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R.I.P. Maggie

My sister Katy texted me last night to tell me that our Mom’s cat Maggie passed away sometime during the day.

Mom had cats for just about my entire life. When I was born she and Dad had a cat named Dinah, whom I barely remember, although I dimly remember thinking she was someone to avoid. She died when I was still quite young. I grew up with an Abyssinian cat named Amos – I’m not sure if they got him before or after I was born – and he was around until 1987, along with our Welsh Corgi, Punkin, who joined us in 1976. I always found Amos somewhat aloof, even for a cat, just doing his own thing. I don’t really have strong memories of him, even though I was a teenager for part of his life.

In 1988, after I went to college and Amos passed away, Mom and got a couple of cats, a sweet tabby named William, and a feisty polydactyl calico named Jenny. William was my buddy whenever I visited, and I was very sad when he passed away in 2000. Jenny lived a couple more years, and I think enjoyed being an only cat.

We weren’t sure Mom would get another cat after Jenny – well, maybe Mom was less sure than the rest of us – but she found Maggie at a shelter, I think around 2003. The shelter said she’d been found pregnant and with a collar on her neck which was too small. And she was a small cat – maybe 7 pounds – a calico with smoky fur and a smudge on her nose. Mom adopted her, and really had to stick out caring for her for that first year, because she said Maggie took a long time to warm up to her, and even longer to really become her friend. But eventually she settled in with Mom, coming down for treats or to lie on the newspaper, and moving from room to room to lie in the sun in various windows. I guess she would growl and hiss loudly at cats who came into her yard, and avidly watched all the birds which flew into the yard.

She was not a very friendly cat, usually running and hiding when visitors came. It would take several days after I’d arrive to visit before she’d do more than look at me around a corner. She didn’t bite or scratch (much), she just wasn’t very friendly. She did warm up to me when I stayed at Mom’s house while she was recovering from knee replacement surgery in 2012, even getting into the morning paper routine. She’d even sit at the top of the stairs and meow for me to come to bed when it was Mom’s usual bedtime!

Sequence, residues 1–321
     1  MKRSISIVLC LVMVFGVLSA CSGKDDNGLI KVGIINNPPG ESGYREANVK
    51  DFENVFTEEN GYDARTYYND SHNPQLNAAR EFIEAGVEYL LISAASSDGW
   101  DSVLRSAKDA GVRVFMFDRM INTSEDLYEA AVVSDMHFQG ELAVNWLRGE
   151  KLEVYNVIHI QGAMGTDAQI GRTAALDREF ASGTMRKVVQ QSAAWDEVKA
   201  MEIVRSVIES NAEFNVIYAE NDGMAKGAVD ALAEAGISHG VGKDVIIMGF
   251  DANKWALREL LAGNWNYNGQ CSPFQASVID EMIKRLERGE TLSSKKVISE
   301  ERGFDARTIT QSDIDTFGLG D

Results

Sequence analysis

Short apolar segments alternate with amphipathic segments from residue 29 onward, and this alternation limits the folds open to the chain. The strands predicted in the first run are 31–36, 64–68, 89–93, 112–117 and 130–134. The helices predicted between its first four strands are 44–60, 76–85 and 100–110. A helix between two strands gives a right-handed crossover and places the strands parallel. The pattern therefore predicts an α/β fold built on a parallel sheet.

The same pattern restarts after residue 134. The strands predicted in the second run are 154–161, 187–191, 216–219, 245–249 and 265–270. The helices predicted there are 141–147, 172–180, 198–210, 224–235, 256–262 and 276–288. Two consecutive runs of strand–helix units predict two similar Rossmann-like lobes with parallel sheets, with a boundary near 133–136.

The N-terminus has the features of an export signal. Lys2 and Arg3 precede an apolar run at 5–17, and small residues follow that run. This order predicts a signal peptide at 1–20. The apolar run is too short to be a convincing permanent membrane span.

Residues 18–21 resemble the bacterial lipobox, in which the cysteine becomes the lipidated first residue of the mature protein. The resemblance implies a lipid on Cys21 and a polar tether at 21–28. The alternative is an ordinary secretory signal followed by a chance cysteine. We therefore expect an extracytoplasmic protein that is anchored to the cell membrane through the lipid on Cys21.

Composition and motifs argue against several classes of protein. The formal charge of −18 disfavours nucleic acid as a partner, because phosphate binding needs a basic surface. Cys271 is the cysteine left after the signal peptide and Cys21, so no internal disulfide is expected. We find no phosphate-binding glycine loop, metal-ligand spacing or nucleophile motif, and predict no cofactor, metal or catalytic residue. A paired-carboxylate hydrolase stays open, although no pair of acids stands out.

She had a bit of a mischievous streak: Mom said she once got outside, and Mom left both the front and back doors open for her to come back in. After an hour, she walked in the front door… and before Mom could close the doors she walked all the way through the house and went out the back. She did come in to stay later in the day, though. She also loved to play with tabs from plastic milk cartons, and would sometimes carry one to the top of the stairs and meow until Mom came out and told her what a good kitty she was. (When we were preparing to sell the house, I found dozens of the tabs behind the oven.)

Maggie had a hard time in Mom’s apartment in assisted living, with people coming in and out several times a day, and having a pretty small place to live. Mom played with her a lot, but as Mom declined (and I see in hindsight that she hid a lot of the symptoms of her decline from us) I think she became neglected and lonely.

The nursing staff told us that when Mom passed away she meowed loudly for a while afterwards, and then she had to endure several days in the apartment alone, with the occasional visitor to give her food and scoop her litter, until Katy and I came to clean out the place.